Five Things Nathan Myhrvold Taught Us About Cooking
He is one of those people who defies description in a few pages, let alone paragraphs. Sure, Nathan Myhrvold is the founder of Microsoft Research and CEO of the Bellevue, WA-based “invention firm” Intellectual Ventures. But besides information technology and business innovation, he’s a renowned expert in such ridiculously diverse fields as astrophysics, mathematics, paleontology, and photography. He’s also one of at least three tech billionaires to speak at the University of Washington this month.
A few weeks ago, Myhrvold spoke to a crowd of students, faculty, and guests about another one of his great loves: the science of cooking. (His resume as a chef includes winning the world championship of barbecue and working at Rover’s in Seattle’s Madison Valley neighborhood.) As part of the computer science and engineering department’s Distinguished Lecturer Series, Myhrvold’s talk covered everything from food safety myths and a tour of Intellectual Ventures’ kitchen lab facilities, to computer simulations of heat intensity above a barbecue grill. He was joined on stage by chef and biochemist Chris Young of Intellectual Ventures, a veteran of the renowned Fat Duck restaurant in England.
Myhrvold and Young have been working on a 1,500-page book on the state of the art in cooking science for about three years, together with a staff of 15. “It’s like a restaurant without diners,” Myhrvold joked. “Unfortunately, it’s also like a restaurant without revenue.”
The focus of the book is to illuminate the cutting-edge science behind cooking techniques, and to stimulate people’s curiosity about food while also being practical for chefs. “There’s a revolution in cooking going on today. If you keep doing the old thing over and over again, you don’t actually need to know why it works,” Myhrvold said. “If you want to do things that are new and different and unusual, it really helps to know why.”
Highlights of the talk included high-speed (6,200 frames per second) video of a popcorn kernel popping and a water balloon bursting; discussion of what happens to food when you subject it to 40,000 times Earth’s gravity (“kind of a cool thing to do to food every now and again”); and the creation of a batch of almond-based ice cream using liquid nitrogen.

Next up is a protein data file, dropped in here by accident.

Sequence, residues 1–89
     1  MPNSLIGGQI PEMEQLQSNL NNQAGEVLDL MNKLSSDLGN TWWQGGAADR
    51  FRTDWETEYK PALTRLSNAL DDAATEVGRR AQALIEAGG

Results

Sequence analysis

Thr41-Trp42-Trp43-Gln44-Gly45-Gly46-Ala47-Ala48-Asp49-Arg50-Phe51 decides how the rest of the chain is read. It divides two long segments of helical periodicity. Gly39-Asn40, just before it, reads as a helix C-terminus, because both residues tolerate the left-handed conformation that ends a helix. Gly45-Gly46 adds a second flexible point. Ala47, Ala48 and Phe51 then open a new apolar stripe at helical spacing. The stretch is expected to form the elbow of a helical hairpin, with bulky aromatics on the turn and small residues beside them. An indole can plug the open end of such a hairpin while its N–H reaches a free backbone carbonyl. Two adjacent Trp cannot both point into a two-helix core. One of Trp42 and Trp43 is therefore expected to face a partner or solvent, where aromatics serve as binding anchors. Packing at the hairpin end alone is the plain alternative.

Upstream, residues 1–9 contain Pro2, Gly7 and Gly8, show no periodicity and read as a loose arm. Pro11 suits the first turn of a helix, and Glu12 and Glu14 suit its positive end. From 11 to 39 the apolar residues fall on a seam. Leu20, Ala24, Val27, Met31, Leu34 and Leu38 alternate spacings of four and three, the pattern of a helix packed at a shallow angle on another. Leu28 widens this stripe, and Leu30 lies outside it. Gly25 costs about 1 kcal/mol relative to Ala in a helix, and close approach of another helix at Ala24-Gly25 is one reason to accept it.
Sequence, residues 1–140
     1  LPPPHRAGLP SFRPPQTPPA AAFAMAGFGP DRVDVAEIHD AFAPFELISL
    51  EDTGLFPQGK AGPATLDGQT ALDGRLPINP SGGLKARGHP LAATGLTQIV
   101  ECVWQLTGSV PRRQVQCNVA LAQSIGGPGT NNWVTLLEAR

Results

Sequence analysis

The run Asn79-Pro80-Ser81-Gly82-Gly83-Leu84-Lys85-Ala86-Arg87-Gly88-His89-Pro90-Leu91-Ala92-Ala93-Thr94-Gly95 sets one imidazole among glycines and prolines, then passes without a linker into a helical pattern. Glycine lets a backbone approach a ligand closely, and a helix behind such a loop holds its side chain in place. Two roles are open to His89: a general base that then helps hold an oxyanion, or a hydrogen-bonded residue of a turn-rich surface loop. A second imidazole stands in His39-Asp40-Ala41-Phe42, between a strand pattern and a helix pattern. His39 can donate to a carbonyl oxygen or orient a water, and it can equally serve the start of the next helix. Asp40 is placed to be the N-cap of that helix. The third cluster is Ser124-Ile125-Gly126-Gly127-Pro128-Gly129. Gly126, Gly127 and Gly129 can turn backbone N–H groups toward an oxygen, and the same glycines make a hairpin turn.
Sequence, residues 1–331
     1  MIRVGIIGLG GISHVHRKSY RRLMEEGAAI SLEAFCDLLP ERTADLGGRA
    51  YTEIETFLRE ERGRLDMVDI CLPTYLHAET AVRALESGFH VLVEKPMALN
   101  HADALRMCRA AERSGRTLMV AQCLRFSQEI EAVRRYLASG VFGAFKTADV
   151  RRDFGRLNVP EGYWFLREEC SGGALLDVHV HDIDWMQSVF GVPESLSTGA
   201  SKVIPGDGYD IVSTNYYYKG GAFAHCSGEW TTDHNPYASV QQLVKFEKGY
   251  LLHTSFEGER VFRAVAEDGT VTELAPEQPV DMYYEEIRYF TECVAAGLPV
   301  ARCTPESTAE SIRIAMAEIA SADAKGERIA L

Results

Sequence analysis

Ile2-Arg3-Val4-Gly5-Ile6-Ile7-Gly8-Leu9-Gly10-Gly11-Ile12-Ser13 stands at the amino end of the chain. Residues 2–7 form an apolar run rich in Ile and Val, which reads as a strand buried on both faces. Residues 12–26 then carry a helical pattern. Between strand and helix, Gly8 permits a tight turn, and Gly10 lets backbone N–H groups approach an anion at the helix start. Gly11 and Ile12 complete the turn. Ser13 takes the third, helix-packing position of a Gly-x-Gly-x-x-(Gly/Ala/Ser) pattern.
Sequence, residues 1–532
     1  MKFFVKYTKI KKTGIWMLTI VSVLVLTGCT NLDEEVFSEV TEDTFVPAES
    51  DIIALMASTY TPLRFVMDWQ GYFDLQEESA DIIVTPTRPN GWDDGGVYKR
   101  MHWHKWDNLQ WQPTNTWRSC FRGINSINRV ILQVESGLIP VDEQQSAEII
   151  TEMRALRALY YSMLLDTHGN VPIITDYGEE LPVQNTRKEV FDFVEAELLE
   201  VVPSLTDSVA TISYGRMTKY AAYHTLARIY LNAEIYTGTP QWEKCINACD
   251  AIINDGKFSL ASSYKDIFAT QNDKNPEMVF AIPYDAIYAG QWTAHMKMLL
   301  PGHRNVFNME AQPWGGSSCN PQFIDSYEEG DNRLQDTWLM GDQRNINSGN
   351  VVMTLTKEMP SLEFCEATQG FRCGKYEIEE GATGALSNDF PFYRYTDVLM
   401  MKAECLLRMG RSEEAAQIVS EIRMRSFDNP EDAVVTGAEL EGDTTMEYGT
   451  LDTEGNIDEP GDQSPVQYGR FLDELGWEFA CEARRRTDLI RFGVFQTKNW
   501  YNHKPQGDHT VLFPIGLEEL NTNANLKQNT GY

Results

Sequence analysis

Here are just a few things Myhrvold left us with:
1. Cookbooks are like software. Someone in the audience asked Myhrvold when the cooking science book would be available. “A damn fine question,” he replied. “I come from a history of writing software, and that’s always a rude thing to ask about software. And maybe because of this heritage, we’ve produced a large, sprawling book that’s late. But there’s no bugs in it, we drew the line there.” (He said the book would be out in a year.)
2. Everything you thought you knew about food safety is wrong. There’s no need to overcook pork, for instance. That’s because the parasite trichinella is largely gone from the U.S., Myhrvold said, except for bear meat—“if you’re a hunter and you eat wild bear, cook the crap out of it.” Similarly, botulism affects very few people, except in Alaska, which seems to be the botulism capital of the world. “Essentially everything that chefs and most people are taught about food safety is flat wrong,” Myhrvold said. “Not a little bit wrong, it’s massively wrong in almost every area.”
3. Be wary of fancy French terms. Restaurants often say a meat dish, like duck, is “confit” (cooked and preserved in its own fat) when it’s not really, Myhrvold said. The same goes for “caramelized” anything. And stay away from canned foie gras at all costs. Myhrvold said a series of blind taste tests revealed that people could not tell it apart from dog food.
4. Choose your sushi wisely. Myhrvold’s team came across a research paper that found 25 percent of the raw salmon in Seattle-area sushi restaurants had Anisakis nematodes (a type of parasitic roundworm) in it. I’m not sure how dangerous that actually is, but I’d probably rather not find out.
5. Invest in some liquid nitrogen for the kitchen. It’s cheaper than Fiji Water, Myhrvold said, and can be used to make novel frozen desserts, preserve certain foods, and flash-freeze food surfaces during preparation. “There are quite a few companies that sell it here in Seattle. Some of them deliver. When I first started screwing around with liquid nitrogen, I had it delivered to my house. This guy would come every month. When he’d bring the canister of liquid nitrogen, he’d say, ‘You know, I don’t make a lot of house calls.” You can also use dry ice to do things like make smooth and creamy ice cream, or freeze duck skin before cooking so you don’t overcook the meat while making the skin crispy.
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